Chapter 21
C
OQL
Copyright © 2004 Pearson Education, Inc.
Chapter 21Outline
21.3 The Object Query Language OQL
Elmasri/Navathe, Fundamentals of Database Systems, Fourth Edition
Copyright © 2004 Ramez Elmasri and Shamkant Navathe
Chapter 21-3
21.3 Object Query Language
OQL is DMG’s query language
OQL works closely with programming
languages such as C++
Embedded OQL statements return
objects that are compatible with the type
system of the host language
OQL’s syntax is similar to SQL with
additional features for objects
Elmasri/Navathe, Fundamentals of Database Systems, Fourth Edition
Copyright © 2004 Ramez Elmasri and Shamkant Navathe
Chapter 21-4
Simple OQL Queries
Basic syntax: select…from…where…
SELECT d.name
FROM
d in departments
WHERE d.college = ‘Engineering’;
An entry point to the database is needed
for each query
An extent name (e.g., departments
in the above example) may serve as an
entry point
Elmasri/Navathe, Fundamentals of Database Systems, Fourth Edition
Copyright © 2004 Ramez Elmasri and Shamkant Navathe
Chapter 21-5
Iterator Variables
 Iterator variables are defined whenever a
collection is referenced in an OQL query
 Iterator d in the previous example serves as an
iterator and ranges over each object in the
collection
 Syntactical options for specifying an iterator:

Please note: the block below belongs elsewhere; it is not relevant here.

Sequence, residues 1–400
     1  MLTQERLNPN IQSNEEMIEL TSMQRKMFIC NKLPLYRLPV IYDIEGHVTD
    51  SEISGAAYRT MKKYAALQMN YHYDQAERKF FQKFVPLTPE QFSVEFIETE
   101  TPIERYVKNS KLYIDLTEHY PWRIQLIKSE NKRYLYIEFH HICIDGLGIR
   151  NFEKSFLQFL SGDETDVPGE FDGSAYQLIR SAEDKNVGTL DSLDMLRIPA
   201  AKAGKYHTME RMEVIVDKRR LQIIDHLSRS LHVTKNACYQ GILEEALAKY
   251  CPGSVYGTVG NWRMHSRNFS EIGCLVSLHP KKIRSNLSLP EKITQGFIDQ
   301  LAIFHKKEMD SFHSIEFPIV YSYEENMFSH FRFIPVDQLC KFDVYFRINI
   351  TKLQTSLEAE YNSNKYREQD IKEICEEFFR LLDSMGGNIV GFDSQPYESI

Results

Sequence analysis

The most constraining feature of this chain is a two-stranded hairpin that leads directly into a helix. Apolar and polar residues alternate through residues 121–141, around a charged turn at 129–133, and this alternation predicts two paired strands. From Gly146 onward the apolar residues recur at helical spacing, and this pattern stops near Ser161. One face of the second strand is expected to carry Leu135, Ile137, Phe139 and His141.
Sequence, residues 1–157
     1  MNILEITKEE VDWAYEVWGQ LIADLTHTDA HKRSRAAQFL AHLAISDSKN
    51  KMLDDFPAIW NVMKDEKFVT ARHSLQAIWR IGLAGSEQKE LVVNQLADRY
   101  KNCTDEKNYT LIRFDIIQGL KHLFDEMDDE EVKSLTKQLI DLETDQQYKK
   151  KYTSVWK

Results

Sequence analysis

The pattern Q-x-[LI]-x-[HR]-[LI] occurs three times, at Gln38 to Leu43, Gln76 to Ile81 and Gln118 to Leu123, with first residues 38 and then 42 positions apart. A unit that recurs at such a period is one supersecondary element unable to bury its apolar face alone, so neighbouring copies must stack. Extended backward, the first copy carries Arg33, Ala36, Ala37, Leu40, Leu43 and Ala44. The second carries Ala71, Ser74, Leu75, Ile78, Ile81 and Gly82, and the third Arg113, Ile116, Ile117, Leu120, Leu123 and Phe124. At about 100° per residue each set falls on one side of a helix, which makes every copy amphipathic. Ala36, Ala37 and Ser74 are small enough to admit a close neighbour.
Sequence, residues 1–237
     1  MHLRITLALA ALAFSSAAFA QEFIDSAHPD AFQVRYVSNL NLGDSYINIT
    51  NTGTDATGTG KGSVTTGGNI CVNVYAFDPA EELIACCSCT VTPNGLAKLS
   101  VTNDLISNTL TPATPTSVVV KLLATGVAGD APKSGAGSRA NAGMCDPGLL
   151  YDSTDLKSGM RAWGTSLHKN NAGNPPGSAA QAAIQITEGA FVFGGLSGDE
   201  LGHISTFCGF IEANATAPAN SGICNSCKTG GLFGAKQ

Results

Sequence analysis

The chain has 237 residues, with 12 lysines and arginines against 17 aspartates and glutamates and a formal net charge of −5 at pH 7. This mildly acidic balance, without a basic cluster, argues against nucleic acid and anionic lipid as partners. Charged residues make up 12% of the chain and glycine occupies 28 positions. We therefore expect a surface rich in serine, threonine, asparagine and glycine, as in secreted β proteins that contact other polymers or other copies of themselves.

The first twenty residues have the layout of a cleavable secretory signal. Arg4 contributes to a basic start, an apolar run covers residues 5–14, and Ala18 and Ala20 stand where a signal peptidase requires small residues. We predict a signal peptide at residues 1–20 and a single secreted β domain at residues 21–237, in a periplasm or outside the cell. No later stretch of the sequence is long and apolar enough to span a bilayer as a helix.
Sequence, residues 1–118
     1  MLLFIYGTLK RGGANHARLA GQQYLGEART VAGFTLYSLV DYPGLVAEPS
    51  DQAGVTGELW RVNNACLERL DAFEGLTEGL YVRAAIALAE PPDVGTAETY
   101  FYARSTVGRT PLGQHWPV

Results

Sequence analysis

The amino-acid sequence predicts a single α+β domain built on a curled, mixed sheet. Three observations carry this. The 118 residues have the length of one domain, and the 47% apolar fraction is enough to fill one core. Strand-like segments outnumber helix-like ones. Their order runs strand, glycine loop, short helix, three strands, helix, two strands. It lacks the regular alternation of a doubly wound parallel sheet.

– d in departments
– departments d
– departments as d
Elmasri/Navathe, Fundamentals of Database Systems, Fourth Edition
Copyright © 2004 Ramez Elmasri and Shamkant Navathe
Chapter 21-6
Data Type of Query Results
The data type of a query result can be
any type defined in the ODMG model
A query does not have to follow the
select…from…where… format
A persistent name on its own can serve
as a query whose result is a reference to
the persistent object, e.g., departments;
whose type is set<Department>
Elmasri/Navathe, Fundamentals of Database Systems, Fourth Edition
Copyright © 2004 Ramez Elmasri and Shamkant Navathe
Chapter 21-7
Path Expressions
A path expression is used to specify a
path to attributes and objects in an entry
point
A path expression starts at a persistent
object name (or its iterator variable)
The name will be followed by zero or
more dot connected relationship or
attribute names, e.g., d.chair (but not
departments.chair);
Elmasri/Navathe, Fundamentals of Database Systems, Fourth Edition
Copyright © 2004 Ramez Elmasri and Shamkant Navathe
Chapter 21-8
Views as Named Objects
The define keyword in OQL is used to
specify an identifier for a named query
The name should be unique; if not, the
results will replace an existing named
query
Once a query definition is created, it will
persist until deleted or redefined
A view definition can include parameters
Elmasri/Navathe, Fundamentals of Database Systems, Fourth Edition
Copyright © 2004 Ramez Elmasri and Shamkant Navathe
Chapter 21-9
An Example of OQL View
A view to include students in a
department who have a minor:
define has_minor(dept_name) as
select s
from s in students
where s.minor_in.dname=dept_name
 has_minor
can now be used in queries
Elmasri/Navathe, Fundamentals of Database Systems, Fourth Edition Chapter 21-10
Copyright © 2004 Ramez Elmasri and Shamkant Navathe
Single Elements from Collections